NEW YORK – Mark LaNeve, General Motor Corp.’s North America sales and marketing chief, reiterates his belief the U.S. auto industry will rebound in the year’s second half.
“But I’m not as confident as I was a few months ago,” he admits at the New York auto show here.
There is a “little less reason to feel optimistic,” he says, citing continuing problems in the credit market.
But LaNeve also notes the industry is running 2 million units below the trend line established two years ago, when 17.4 million vehicles were sold in the U.S. “That means there is a lot of pent-up demand,” he says.
Industry sales of fullsize pickups are running 300,000-400,000 units below trend. “The pickup business is tough, but we’re holding our market share,” LaNeve says, adding it will continue to be tough sledding in the segment until the housing market recovers.
Meanwhile, GM is looking to the new Chevrolet Malibu and Traverse cross/utility vehicle –due to be released later this year – to help buoy sales.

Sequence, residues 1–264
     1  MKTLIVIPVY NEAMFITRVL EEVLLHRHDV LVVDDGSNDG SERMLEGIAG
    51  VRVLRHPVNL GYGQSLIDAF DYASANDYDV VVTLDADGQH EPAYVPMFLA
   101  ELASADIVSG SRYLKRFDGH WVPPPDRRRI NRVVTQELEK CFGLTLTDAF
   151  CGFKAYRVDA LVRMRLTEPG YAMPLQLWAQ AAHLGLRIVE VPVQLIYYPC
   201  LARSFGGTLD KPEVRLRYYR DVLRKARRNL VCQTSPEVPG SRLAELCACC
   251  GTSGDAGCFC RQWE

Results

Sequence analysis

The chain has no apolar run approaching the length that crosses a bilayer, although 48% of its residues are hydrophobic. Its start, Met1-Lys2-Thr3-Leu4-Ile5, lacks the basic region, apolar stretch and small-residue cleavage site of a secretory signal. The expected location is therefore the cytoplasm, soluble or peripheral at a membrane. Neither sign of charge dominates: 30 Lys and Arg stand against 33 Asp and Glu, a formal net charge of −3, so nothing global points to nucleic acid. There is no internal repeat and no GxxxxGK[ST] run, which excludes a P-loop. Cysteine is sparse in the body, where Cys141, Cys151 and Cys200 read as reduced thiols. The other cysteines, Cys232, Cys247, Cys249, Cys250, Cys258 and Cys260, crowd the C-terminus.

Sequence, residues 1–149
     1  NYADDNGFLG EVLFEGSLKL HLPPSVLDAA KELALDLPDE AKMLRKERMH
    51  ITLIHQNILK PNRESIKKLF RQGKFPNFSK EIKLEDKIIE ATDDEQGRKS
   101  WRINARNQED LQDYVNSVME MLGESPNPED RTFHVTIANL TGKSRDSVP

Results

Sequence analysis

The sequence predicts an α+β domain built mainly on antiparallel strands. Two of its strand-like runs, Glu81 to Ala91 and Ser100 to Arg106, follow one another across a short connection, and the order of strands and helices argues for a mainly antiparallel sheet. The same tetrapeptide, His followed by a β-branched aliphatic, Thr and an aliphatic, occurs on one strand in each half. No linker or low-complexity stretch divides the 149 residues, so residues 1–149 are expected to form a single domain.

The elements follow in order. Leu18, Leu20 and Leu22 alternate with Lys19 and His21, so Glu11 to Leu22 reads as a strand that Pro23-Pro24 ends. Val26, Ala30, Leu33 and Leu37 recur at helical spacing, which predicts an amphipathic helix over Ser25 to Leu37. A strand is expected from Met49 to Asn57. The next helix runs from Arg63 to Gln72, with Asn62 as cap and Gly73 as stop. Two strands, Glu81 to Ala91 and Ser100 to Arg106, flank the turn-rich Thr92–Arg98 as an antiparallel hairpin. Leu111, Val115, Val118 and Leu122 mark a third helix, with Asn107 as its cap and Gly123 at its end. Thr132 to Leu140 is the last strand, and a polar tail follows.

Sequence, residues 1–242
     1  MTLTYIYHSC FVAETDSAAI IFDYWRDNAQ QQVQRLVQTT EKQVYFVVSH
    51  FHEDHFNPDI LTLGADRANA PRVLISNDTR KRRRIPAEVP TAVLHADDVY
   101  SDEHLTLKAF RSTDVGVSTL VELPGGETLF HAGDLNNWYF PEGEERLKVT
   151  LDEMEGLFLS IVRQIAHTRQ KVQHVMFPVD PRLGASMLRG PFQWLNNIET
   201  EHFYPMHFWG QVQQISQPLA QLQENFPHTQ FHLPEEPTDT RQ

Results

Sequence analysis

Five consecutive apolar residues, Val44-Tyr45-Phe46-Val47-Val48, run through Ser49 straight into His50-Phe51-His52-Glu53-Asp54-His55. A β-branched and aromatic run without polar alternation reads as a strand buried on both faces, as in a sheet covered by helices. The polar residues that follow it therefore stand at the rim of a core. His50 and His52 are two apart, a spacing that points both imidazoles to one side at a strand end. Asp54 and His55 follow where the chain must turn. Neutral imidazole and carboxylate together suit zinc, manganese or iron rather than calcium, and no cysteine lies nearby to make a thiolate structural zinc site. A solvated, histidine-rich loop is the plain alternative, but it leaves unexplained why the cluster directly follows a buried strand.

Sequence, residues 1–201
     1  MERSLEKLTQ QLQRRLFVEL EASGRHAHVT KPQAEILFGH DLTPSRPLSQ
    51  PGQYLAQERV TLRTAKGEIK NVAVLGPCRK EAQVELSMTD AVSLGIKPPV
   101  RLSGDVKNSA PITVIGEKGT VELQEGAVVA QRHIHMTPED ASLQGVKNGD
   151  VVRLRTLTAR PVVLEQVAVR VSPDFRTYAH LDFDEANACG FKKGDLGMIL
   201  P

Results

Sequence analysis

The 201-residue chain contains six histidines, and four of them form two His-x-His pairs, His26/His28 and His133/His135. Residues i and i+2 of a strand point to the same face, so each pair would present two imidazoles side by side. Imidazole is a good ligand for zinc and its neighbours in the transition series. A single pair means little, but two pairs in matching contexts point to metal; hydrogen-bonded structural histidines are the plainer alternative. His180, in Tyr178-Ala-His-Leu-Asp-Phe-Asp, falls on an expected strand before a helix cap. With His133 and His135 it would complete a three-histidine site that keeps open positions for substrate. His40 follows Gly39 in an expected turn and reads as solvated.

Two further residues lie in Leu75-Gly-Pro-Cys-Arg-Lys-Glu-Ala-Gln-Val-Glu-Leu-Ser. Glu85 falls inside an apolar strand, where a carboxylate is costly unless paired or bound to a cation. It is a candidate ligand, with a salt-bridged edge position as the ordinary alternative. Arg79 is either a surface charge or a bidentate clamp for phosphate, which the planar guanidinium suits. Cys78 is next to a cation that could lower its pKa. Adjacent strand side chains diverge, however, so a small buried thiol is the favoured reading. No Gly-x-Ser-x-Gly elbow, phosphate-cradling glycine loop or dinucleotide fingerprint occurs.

“We’re back in the game big time in midsize cars and crossovers,” LaNeve says. “We’ll continue to hammer away at our competitors.”
While conceding the Malibu will not take big chunks out of the competition’s market share, LaNeve claims the auto maker is seeing Honda Accord and Toyota Camry owners trading in their vehicles for the new sedan. “We will have an impact with the Malibu,” he promises.
Meanwhile, GM’s overall market share was stable in the year’s first two months.
“I expect our share this year to be flat or down very slightly,” LaNeve says. “If we perform (well) in passenger cars, we can have a share gain this year. If it’s one-tenth of a percent, I’d be happy.”